Although I am by no definition a specialist in Jewish history, my undergraduate teaching has always incorporated the work of scholars researching Jewish migration. Beginning in the 1990s, my undergraduate teaching shifted from US history toward world history and thus away from courses with titles like “Immigration and American Diversity” and toward courses with titles like “Migration and Mobility in Global History.” This shift required me to draw from changing corners of Jewish Studies.
In the fairly conventional course on “Immigration and American Diversity” that I taught under varying titles in Europe and the United States in the 1980s and early 1990s, I selected two groups’ migrations to exemplify each of three main waves of immigration into the United States. For the second wave of “new immigrants,” arriving in the United States between 1880 and 1930, I usually encouraged students to explore and contrast the homeland experiences, migration patterns, and urban adjustment challenges of Jewish and Italian immigrants. Often enough, New York City provided a concrete focal point. As Nancy Green noted in her study of comparative methods in immigration history, this “converging comparison” tended to result in rather sharp contrasts of the groups compared, and students almost always imagined it was culture that drove the differences. The best students recognized other influences—for example, how the temporary and heavily male Italian labor migrations led to different family and work patterns than those found in Jewish family and refugee migrations. Comparison of Jewish and Italian migrants also revealed antisemitism and antiradicalism as differing and overlapping dimensions of American racism and xenophobia. Especially in the 1990s students pondered the origins of the very different gendering of Jewish socialist and Italian anarchist activists. At the same time, the comparison of two groups in one city meant that commonalities—in the form of clustering of Yiddish-, German-, and Italian-dialect speaking groups, and forms of institution building, such as newspapers—also came into focus.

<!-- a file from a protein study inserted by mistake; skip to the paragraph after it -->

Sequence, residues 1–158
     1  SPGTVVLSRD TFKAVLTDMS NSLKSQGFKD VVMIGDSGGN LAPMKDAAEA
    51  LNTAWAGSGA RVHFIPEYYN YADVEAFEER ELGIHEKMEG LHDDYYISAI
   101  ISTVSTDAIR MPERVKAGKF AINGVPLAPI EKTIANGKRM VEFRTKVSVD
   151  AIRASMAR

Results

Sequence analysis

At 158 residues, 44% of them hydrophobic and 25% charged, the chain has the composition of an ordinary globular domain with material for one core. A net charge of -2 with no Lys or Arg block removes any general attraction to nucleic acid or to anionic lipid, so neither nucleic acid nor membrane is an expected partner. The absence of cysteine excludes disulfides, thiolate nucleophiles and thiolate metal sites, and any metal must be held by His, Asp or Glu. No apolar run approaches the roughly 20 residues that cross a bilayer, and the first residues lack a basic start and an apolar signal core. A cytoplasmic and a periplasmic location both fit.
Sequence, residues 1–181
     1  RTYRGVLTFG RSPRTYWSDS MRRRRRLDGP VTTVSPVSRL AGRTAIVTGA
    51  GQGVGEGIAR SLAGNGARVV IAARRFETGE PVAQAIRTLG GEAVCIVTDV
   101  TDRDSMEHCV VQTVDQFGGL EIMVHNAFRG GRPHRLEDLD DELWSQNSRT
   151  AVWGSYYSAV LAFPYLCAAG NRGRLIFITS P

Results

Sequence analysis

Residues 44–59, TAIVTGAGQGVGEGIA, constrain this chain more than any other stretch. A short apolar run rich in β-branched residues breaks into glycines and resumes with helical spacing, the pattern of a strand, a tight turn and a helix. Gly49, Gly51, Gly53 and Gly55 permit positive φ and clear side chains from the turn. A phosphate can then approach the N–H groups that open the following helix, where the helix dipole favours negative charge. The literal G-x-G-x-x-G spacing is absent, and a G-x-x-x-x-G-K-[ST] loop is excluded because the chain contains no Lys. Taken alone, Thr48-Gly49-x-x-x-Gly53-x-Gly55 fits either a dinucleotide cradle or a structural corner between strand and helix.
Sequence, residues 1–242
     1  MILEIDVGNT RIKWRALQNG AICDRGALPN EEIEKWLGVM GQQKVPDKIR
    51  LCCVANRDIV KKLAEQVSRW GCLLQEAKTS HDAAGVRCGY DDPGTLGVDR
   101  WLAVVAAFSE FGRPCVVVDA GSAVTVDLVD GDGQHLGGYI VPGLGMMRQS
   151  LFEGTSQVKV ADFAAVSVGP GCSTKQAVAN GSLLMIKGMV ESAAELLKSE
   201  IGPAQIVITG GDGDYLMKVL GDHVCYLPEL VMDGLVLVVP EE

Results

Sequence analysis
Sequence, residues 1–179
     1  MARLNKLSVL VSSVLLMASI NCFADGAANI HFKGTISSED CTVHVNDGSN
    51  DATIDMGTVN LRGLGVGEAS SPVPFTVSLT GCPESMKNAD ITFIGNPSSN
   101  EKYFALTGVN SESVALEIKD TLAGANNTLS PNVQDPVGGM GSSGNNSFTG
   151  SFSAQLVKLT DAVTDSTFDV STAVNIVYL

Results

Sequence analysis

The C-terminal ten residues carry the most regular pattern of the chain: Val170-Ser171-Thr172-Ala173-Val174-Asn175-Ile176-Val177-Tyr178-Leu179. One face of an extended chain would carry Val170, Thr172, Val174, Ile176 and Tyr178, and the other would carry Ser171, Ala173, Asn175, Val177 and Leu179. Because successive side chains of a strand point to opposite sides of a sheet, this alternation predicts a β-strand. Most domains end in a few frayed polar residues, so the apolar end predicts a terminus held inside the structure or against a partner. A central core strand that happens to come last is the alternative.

Once I began teaching world history and undertook the writing and editing of a series of books on the world-wide migrations of people originating in the Italian peninsula, I found myself turning instead to the rich, interdisciplinary, and at times more theoretical work on Diasporas within Jewish Studies. Here, what Green called “diverging comparisons” became more salient, as did opportunities to explore the changing typologies and much longer temporality of the Jewish Diaspora, from early, biblical notions of exiles and to Zionism, Diaspora nationalism, and state building. Case studies of the Jewish Diaspora provided both an opportunity to explore critically Diaspora historiography (with graduate students) and a unique series of provocative comparisons (to Greeks, Africans, and Armenians) with undergraduate students.
Donna Gabaccia is professor of History at the University of Toronto. Her most recent book, Gender and International Migration: From the Slavery Era to the Global Age (co-authored with Katharine Donato, Russel Sage, 2015), received an honorable mention from the American Sociological Association’s Section on International Migration’s Thomas and Znaniecki Award.